Dell has insisted that its long-term strategy was on track in its fourth quarter, despite revenue plummeting across almost every business unit and all regions over the period.
For the three months to 3 February, Dell's GAAP net income dropped by 31 per cent to $530m (£347m), on revenue that also dropped 11 per cent to $14.3bn, narrowly ahead of Wall Street expectations of $14.12bn.
Revenue across its large enterprise, public, SMB and consumer business units all fell year on year in its fourth quarter, with the latter faring the worst after its sales slumped by a quarter to $2.8bn.
Eponymous leader Michael Dell was absent from the earnings call due to his pending buyout of the firm, backed by Silver Lake investment and Microsoft, which was announced in February. The impending sale of the business also meant that a business outlook for its first quarter was not provided.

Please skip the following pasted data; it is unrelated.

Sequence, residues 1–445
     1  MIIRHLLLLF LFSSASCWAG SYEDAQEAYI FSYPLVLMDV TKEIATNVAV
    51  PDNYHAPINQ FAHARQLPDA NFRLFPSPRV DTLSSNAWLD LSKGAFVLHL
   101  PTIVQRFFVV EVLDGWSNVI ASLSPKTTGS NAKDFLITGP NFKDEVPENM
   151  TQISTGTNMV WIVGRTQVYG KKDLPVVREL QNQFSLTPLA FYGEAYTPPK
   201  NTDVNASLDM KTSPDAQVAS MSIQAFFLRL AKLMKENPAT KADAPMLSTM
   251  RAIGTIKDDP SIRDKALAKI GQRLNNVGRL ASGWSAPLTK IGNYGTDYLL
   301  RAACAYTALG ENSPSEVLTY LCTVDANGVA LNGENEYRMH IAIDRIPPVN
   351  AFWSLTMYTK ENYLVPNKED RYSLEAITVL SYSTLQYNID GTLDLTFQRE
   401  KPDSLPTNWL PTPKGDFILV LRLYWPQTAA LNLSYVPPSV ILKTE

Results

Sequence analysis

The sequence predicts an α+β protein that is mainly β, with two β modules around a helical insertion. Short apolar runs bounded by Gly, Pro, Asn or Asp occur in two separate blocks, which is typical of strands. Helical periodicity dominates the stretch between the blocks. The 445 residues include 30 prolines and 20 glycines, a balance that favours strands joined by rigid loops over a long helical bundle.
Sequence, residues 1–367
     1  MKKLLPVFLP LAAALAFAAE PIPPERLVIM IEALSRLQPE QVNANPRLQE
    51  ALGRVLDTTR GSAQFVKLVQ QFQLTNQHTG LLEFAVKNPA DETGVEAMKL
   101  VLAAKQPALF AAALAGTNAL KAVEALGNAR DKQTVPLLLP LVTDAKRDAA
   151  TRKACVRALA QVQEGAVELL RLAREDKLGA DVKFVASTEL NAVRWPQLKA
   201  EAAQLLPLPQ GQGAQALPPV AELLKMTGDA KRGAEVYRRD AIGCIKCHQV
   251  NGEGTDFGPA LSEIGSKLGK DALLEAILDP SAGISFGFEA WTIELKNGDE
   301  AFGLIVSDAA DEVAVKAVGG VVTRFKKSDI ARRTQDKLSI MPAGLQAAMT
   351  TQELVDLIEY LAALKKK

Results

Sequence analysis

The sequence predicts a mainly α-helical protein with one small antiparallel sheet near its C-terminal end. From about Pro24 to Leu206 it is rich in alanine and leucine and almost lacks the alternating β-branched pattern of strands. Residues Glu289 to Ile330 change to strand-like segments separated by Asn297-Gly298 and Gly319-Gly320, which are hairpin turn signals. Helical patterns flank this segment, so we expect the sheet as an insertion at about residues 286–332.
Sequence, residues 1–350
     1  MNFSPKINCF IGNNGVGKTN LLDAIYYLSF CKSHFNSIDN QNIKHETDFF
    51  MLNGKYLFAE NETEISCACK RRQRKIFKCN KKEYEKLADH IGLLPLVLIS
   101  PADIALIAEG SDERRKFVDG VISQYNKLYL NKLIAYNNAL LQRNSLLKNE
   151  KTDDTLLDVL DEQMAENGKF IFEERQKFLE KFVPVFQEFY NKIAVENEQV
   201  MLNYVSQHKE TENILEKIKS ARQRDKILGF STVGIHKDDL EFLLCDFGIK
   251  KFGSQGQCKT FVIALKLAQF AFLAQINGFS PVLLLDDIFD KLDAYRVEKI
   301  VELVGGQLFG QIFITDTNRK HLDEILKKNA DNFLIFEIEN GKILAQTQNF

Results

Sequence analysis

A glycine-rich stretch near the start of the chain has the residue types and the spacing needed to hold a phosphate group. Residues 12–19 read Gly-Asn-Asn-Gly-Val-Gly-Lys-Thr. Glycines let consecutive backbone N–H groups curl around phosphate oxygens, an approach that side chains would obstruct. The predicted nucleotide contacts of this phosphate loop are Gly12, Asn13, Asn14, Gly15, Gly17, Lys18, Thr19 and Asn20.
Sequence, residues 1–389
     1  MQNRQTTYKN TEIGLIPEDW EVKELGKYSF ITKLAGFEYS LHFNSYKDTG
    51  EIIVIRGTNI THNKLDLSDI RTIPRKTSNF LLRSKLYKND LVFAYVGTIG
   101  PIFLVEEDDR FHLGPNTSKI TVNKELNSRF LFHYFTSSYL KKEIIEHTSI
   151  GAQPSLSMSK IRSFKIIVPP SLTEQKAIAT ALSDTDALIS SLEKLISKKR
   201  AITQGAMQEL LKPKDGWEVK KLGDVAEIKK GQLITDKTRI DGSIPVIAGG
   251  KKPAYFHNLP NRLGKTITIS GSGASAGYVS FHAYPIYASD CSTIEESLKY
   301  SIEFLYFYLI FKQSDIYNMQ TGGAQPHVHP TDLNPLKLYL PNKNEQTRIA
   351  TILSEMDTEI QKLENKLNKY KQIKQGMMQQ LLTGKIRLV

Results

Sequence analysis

Regionally for the quarter, EMEA fared the worst, with its sales dropping annually by 14 per cent, compared with the Americas and Asia-Pacific and Japan region's sales sliding by 10 per cent and nine per cent respectively in comparison to the year before.
Speaking on its earnings call, transcribed by Seeking Alpha, the firm's chief financial officer Brian Gladdon claimed that despite the drop in sales in Europe, the region has remained relatively stable.
He said: "Europe has over the past couple of quarters been relatively stable at a relatively low level. So you look at the declines we saw in the fourth quarter, pretty similar to what we saw in the second and third quarter in Europe.
"[There is] still some good progress around the enterprise side of our business in Europe, and saw some good growth there. Clearly better in eastern Europe than western Europe, but I think we are bracing for a similar environment in Europe as we move forward."
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